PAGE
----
Professional development can also be a great opportunity for educators to share learning and best practices across our traditional distinctions.  The work of the Learning Community Charter School’s Teaching Studio serves as a great example of this collaborative professional development in action.  Through the Teaching Studio, the highly successful Learning Community Charter School is working closely with a cohort of five schools from Woonsocket and Smithfield to help each school strengthen its reading instruction.

     

  • Focus on Diversity. Rhode Island, like many states, faces a mismatch between an increasingly diverse student body and a nearly all white teaching force.  Specifically, while nearly 35% of Rhode Island’s students identify as people of color, only 5% of our teachers identify also identify as people of color.

That’s a big gap, and one that’s troubling for several reasons.  First, researchers have suggested that students of color do better academically when they are taught by teachers of color.  And equally importantly, we know that students from all backgrounds need and deserve role models that reflect their backgrounds and life experiences.  

That’s why we’re interested in investing in programs that are working hard to ensure Rhode Island’s teaching workforce is as diverse as our student body.  One example is Teach for America – Rhode Island, which is working hard to ensure that Rhode Island’s newest teachers represent an increasingly diverse group of educators.  Teach For America – Rhode Island recruits 25 new teachers every year to serve in Rhode Island’s urban schools, half of which identify as teachers of color. 

These are just a few examples of schools and organizations in Rhode Island that are leading the way with forward-thinking approaches to professional development.  Districts like Chariho have adopted a cohort-based approach to developing teachers’ ability to offer personalized and blended instruction.  Charter schools like the International Charter School are working hand-in-hand with traditional public schools in Pawtucket and South Kingstown as those districts launch new dual-language immersion programs.  And we’d be remiss not to mention the Highlander Institute, whose Fuse Fellows are leading systems change at the building and district level throughout our state.  In short, there’s lots of great work going on in the professional development of Rhode Island’s educators and we’re honored to be able to play a supportive role.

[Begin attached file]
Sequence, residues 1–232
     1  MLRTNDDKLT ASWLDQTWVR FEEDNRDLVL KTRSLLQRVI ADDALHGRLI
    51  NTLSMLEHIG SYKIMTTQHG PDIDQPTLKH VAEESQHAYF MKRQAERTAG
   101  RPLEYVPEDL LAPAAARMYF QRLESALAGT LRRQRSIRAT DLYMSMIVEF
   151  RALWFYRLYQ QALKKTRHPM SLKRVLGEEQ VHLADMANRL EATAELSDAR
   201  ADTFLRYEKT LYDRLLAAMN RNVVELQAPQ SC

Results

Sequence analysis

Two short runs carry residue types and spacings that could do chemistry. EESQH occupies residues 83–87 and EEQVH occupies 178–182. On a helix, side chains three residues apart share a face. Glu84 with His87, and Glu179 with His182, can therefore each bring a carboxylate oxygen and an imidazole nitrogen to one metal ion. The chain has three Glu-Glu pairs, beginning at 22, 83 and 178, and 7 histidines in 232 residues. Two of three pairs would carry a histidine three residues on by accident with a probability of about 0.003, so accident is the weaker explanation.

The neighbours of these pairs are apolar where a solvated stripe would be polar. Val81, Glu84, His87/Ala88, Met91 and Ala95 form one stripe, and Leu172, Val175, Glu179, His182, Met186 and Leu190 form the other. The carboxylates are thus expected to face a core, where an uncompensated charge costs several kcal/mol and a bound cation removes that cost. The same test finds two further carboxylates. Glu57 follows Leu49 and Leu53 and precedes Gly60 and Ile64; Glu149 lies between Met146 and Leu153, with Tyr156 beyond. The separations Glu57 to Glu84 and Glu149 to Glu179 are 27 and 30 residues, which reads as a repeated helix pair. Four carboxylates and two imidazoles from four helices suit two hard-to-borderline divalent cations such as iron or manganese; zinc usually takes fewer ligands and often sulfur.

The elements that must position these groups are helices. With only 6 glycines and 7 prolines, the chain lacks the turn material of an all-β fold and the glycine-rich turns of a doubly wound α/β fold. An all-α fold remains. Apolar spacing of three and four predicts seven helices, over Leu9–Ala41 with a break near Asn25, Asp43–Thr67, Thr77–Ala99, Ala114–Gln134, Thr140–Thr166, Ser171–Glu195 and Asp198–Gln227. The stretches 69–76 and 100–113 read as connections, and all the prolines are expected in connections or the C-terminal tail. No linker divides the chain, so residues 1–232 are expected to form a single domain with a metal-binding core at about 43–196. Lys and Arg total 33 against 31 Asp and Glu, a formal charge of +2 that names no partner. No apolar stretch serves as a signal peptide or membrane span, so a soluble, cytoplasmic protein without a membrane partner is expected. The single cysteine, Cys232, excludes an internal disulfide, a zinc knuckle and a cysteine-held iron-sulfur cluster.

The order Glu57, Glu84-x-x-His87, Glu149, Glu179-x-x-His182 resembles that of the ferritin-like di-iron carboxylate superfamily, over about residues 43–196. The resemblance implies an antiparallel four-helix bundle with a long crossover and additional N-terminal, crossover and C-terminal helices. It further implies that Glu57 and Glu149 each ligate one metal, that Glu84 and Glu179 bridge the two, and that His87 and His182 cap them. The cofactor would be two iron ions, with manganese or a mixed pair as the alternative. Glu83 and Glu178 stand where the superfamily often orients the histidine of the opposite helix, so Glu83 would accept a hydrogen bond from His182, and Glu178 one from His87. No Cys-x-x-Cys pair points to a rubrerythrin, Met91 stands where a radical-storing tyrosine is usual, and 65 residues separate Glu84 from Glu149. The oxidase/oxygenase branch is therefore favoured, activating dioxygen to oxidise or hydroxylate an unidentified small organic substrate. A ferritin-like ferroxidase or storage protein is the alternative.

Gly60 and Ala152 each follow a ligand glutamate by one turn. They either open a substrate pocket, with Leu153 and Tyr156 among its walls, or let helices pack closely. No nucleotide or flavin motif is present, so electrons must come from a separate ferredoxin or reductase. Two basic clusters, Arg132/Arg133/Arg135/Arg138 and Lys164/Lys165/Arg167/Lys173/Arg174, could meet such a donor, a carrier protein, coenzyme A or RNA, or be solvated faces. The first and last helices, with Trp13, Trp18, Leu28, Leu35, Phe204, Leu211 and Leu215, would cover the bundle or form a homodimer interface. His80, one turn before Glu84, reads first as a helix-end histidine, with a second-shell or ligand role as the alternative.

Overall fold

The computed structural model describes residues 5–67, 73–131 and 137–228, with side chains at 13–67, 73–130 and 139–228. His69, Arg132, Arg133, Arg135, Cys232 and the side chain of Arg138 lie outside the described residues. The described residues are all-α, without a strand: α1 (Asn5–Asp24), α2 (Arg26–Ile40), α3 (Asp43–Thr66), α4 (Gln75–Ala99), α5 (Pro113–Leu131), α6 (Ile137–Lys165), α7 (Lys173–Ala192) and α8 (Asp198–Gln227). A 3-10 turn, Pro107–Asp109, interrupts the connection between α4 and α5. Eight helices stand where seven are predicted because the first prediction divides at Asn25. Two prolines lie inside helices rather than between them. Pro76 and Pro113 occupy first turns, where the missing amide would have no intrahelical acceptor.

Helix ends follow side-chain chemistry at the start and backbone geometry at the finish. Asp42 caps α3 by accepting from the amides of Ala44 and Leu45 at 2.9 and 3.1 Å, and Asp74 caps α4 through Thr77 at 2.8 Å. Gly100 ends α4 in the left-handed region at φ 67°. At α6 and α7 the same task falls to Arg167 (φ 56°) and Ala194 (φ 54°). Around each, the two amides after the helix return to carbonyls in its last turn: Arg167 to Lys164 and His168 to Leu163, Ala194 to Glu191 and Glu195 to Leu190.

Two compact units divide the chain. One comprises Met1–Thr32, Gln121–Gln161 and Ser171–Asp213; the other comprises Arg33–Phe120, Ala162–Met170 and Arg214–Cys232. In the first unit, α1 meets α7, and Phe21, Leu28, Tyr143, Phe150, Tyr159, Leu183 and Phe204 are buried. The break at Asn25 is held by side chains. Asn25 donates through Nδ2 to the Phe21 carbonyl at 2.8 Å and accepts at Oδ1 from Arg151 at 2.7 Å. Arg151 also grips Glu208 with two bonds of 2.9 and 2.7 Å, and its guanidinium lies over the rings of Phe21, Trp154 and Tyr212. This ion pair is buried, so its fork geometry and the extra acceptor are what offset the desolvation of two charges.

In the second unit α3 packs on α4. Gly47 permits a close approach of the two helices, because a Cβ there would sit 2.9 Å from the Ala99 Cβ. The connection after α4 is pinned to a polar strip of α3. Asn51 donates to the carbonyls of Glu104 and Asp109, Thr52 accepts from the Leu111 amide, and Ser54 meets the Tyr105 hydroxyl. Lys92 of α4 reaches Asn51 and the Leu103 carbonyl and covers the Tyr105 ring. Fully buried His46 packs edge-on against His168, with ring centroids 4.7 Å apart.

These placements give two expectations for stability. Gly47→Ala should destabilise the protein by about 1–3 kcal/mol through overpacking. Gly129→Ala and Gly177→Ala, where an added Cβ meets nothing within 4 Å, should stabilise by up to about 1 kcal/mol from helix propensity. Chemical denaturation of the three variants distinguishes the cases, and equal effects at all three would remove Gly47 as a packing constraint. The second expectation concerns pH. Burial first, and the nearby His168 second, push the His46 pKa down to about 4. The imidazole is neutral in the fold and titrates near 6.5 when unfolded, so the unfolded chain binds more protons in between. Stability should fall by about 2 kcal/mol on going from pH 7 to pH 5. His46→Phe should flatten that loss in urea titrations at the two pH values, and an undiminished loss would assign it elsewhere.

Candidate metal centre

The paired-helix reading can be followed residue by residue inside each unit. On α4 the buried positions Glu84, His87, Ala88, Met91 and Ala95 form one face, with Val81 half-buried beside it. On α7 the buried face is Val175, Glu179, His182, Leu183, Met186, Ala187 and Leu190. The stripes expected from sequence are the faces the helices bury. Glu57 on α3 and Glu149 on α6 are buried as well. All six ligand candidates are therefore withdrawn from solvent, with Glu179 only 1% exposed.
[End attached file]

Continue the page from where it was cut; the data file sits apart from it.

Practice-based, job-embedded, collaborative in spirit and working towards a more diverse field of educators – these are some of the characteristics we think make for great professional development opportunities.  What do you think makes for excellent professional development?  We want to hear from you!  We look forward, in 2016, to working side-by-side with teachers and school districts alike as they rethink their traditional methods of delivering professional development activities. 

Rhode Island is home to nearly 16,000 teachers, 300 school leaders and approximately 142,000 students.  It’s impossible to imagine the sheer number of magical moments that take place in schools and classrooms across our state on a daily basis.  We salute Rhode Island’s educators and stand proud of our commitment to investing in their continued development.